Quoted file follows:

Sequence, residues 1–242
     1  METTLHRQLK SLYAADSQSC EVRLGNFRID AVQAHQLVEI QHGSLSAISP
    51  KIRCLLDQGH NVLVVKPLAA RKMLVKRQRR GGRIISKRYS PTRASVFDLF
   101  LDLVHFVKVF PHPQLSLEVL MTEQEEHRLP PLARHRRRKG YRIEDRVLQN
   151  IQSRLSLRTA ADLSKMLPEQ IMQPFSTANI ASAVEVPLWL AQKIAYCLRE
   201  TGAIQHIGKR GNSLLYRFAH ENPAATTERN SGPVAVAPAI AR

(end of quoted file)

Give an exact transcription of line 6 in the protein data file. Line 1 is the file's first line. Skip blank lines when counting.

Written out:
   201  TGAIQHIGKR GNSLLYRFAH ENPAATTERN SGPVAVAPAI AR